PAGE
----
Holy Spirit: What is He Good For?

22 Mar

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So dad, how do you like the iPad we got you?

Ever felt like this guy regarding the baptism in the Holy Spirit or just life in the Spirit in general? I think I spend 90% of my life like him. Sometimes it seems like I’ve got things all figured out but I’m totally oblivious as to the true meaning of the gift that has been given to me in the Holy Spirit. Francis Chan is absolutely correct in calling Him the forgotten God. While I don’t think anybody means to forget about Him, I’m also convinced that many of us are tapping into the Spirit as much as this guy is tapping into the potential of his iPad.

Now, I know that sounds kind of harsh, but think about it. Jesus said, “Truly, truly, I say to you, he who believes in Me, the works that I do, he will do also; and greater works than these he will do; because I go to the Father.” (John 14:12) He was speaking in regards to the Holy Spirit that would be given for everyone who believes. As I look at my own life, I’m ashamed to admit it, but it’s pretty evident I depend on my own ability and knowledge way to much, and in so doing, I think I miss the Spirits moving in and through me far to often. According to Barna statistics 30% of professed believers think the Holy Spirit is just a symbolic thing. Whether we like it or not, that statistic say’s a lot about the state of the church. If I’m honest, it say’s a lot about me.

In large part, it seems there are two camps of people in the U.S.regarding the Holy Spirit. There are those that think the Holy Spirit was given so that He could rain down gold dust on us in our church services, (as if a materialistic greedy group of people need more gold), or fill us with power to do kind of pointless things, like bark like dogs (Like that will fulfill the great commission). Or, there are those that want nothing to do with the Holy Spirit, mostly because they have witnessed people who abuse the gifts of the Spirit (or at least what they would proclaim as a gift of the Spirit). There is a third camp though, and as imperfect as they are, they wrestle to have a balanced biblical view of the Holy Spirit while understand that He, being God, sometimes asks us to become fools for his sake (1 Corinthians 4:10).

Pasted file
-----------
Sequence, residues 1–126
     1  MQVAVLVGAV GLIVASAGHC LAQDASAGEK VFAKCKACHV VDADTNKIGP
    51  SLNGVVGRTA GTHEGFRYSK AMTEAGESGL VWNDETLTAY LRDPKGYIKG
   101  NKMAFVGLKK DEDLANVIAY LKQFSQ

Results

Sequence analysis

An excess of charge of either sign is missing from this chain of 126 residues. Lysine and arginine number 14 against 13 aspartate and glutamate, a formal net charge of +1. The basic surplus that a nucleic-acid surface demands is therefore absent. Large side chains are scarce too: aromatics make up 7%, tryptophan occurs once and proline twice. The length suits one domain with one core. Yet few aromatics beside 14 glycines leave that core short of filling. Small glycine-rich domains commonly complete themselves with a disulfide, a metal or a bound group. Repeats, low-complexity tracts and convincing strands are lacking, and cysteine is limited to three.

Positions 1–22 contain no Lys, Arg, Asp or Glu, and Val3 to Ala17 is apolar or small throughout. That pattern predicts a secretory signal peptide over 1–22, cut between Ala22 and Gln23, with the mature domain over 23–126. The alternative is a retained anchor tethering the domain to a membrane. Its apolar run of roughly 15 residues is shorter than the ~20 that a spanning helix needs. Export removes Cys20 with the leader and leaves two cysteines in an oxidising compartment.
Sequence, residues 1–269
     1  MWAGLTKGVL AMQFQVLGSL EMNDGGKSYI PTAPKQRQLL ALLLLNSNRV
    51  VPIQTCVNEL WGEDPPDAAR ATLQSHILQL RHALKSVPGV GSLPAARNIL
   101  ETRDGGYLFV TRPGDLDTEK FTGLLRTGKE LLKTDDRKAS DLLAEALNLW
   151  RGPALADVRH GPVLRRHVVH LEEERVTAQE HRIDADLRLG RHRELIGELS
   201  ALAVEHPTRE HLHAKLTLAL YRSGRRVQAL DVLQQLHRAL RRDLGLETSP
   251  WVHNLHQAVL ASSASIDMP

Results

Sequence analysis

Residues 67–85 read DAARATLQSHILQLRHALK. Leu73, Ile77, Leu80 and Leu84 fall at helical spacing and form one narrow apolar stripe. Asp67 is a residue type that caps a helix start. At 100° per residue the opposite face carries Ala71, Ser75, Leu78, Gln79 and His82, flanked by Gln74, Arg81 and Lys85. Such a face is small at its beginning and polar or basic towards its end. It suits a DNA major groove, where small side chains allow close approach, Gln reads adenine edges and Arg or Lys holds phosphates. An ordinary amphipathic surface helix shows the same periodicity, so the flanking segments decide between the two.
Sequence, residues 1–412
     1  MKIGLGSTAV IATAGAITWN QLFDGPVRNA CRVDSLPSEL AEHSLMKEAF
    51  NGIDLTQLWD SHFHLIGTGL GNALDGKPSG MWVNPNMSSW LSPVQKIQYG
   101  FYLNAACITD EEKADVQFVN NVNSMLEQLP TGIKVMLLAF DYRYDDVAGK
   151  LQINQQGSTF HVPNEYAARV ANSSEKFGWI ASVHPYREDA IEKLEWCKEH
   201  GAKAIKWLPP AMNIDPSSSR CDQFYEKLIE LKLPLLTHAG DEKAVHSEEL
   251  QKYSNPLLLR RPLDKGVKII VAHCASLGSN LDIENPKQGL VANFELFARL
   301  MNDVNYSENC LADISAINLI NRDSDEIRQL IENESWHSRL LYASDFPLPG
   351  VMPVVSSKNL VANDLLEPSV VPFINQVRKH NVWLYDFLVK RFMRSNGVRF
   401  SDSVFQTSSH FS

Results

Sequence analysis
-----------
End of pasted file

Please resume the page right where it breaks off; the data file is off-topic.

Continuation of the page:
Our culture is so scared of the Holy Ghost (Spirit), that in many ways, we’ve become so p.c., that we would rather talk about Casper the Friendly Ghost. I can’t in good conscience write about the Holy Spirit and tell you that you will always have a safe experience with him. Let’s be real here, we are talking about the same God that required Isaiah to walk barefoot and naked (awkward anyone) for three years to proclaim the coming captivity in Egypt(Isaiah 20:2-3). Then there’s Ezekiel whom lay before a stone that symbolized rebellious Jerusalem, and then get this, God had him eat bread baked on human waste. (For all you scholars out there, waste is now translated poop.) Then, we have a look at the cross, where God asked his own Son to go and die on it for the sake of you and me. Talk about foolishness.